I was tired of living the way I was living , Flores said.Not long after the encounter , Flores moved to San Antonio and joined Victory Life , a faith-based program that reaches out to people on the streets.That's where he met Freddie Garcia , a pastor who eventually became Flores' spiritual father.He took me to his house and took care of me and taught me and sent me to school , and he trained me for the work I'm doing now , Flores said.He prayed for me and told me my problem was not drugs.My problem was my sinful nature.I found God's love and people who really cared for me..Flores finished the Victory Life program in six months and then attended Latin American Bible School near Los Angeles.He became a minister.Flores came to Corpus Christi in 1981 and founded New Life Fellowship Home.As many as 50 men and women live at the home's facilities at any given time.Flores and more than 20 volunteer caregivers - all of whom previously were clients who completed the home's program - work one-on-one with clients.'Spiritual therapy'
David Adame/Caller-Times
Jose Luis Flores was named the top honoree at the luncheon honoring this year's Jefferson Award volunteers.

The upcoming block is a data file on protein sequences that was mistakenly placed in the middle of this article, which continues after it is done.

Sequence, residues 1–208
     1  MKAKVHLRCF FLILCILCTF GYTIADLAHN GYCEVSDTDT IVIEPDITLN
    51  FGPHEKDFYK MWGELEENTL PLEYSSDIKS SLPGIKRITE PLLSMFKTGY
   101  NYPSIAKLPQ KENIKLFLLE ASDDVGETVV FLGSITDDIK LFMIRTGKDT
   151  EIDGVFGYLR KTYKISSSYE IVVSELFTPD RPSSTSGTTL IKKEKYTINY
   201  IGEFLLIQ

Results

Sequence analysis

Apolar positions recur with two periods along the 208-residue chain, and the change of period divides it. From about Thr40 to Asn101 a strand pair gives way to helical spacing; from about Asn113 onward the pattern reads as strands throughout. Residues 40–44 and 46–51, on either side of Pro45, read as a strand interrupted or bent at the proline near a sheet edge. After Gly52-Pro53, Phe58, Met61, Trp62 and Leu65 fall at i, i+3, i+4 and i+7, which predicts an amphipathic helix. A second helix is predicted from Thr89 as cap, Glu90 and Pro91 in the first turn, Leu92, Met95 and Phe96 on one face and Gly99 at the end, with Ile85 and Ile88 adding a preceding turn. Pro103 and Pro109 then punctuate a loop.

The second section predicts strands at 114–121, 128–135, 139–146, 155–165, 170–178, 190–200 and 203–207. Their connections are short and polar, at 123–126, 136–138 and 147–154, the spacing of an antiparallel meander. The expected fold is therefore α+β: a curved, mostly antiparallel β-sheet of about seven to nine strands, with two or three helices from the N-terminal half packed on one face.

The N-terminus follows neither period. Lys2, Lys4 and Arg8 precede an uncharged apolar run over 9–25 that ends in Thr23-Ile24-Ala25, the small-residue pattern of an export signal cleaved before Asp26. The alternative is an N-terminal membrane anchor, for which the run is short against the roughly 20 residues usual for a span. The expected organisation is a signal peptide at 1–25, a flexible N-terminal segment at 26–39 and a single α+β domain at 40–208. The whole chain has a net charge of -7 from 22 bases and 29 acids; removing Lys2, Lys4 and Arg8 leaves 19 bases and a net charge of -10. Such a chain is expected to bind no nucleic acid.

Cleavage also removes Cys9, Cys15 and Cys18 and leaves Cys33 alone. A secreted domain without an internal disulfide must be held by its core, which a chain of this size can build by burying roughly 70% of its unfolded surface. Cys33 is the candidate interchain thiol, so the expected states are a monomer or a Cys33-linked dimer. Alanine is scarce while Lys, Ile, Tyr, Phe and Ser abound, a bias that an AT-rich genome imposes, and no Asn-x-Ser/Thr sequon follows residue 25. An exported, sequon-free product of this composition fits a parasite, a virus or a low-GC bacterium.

...
Flores said he tries to instill in each client a sense of responsibility , a work ethic and a love of God.Clients hear Bible stories of people lifted out of criminal behavior through God.We use the Bible like a spiritual therapy , Flores said.The spirit of God changes the person.We don't see it , but we feel it..Working with the clients is a tough job , he said.These people have been neglected , Flores said.They have been abandoned.The people become hard.They don't trust.You need to win their trust.We become friends first.And then , after that , when you made him your friend , you can tell him his condition : You are a drug addict.
...
This work is not easy , Flores said.This is work.We are on the front line.This is a very hard ministry.If you're not called to do it , don't do it.If you don't feel it , don't do it , because you will be a failure.You need to want to do it..
...
About 60 percent of clients complete the program , which lasts six to nine months , said Flores' wife , Lucy Flores , who does administrative work for New Life Fellowship Home.Flores said he and his caregivers have an advantage because they have gone through the pain of addiction themselves , and clients know that.We lived the life , Flores said.We understand them , the way they think , where they're coming from..
Contact Dan Parker at 886-3618 or parkerd@caller.com
Talk about this story Next Story
Corpus Christi Caller Times Caller.com - Flores helps others find their potential
www.caller-times.com, 29 April 2001 [cached]
Flores is this year's top honoree among the Jefferson Award nominees.Flores used to be a heroin addict , but he changed his ways and now operates New Life Fellowship Home and New Life Church.